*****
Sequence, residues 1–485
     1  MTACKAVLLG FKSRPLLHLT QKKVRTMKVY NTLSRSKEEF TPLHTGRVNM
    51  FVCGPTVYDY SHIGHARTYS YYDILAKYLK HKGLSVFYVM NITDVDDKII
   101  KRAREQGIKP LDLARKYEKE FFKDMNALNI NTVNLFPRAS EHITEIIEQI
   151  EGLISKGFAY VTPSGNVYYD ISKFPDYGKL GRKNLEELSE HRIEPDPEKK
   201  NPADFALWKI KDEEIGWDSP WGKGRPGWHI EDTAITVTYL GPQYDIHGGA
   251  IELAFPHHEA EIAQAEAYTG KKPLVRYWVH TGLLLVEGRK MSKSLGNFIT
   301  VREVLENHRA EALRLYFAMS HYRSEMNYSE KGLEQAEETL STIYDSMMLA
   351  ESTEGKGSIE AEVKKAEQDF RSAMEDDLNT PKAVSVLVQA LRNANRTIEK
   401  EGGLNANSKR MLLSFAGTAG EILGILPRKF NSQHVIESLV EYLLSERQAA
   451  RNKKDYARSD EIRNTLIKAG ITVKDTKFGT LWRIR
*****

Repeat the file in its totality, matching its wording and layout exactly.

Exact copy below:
Sequence, residues 1–485
     1  MTACKAVLLG FKSRPLLHLT QKKVRTMKVY NTLSRSKEEF TPLHTGRVNM
    51  FVCGPTVYDY SHIGHARTYS YYDILAKYLK HKGLSVFYVM NITDVDDKII
   101  KRAREQGIKP LDLARKYEKE FFKDMNALNI NTVNLFPRAS EHITEIIEQI
   151  EGLISKGFAY VTPSGNVYYD ISKFPDYGKL GRKNLEELSE HRIEPDPEKK
   201  NPADFALWKI KDEEIGWDSP WGKGRPGWHI EDTAITVTYL GPQYDIHGGA
   251  IELAFPHHEA EIAQAEAYTG KKPLVRYWVH TGLLLVEGRK MSKSLGNFIT
   301  VREVLENHRA EALRLYFAMS HYRSEMNYSE KGLEQAEETL STIYDSMMLA
   351  ESTEGKGSIE AEVKKAEQDF RSAMEDDLNT PKAVSVLVQA LRNANRTIEK
   401  EGGLNANSKR MLLSFAGTAG EILGILPRKF NSQHVIESLV EYLLSERQAA
   451  RNKKDYARSD EIRNTLIKAG ITVKDTKFGT LWRIR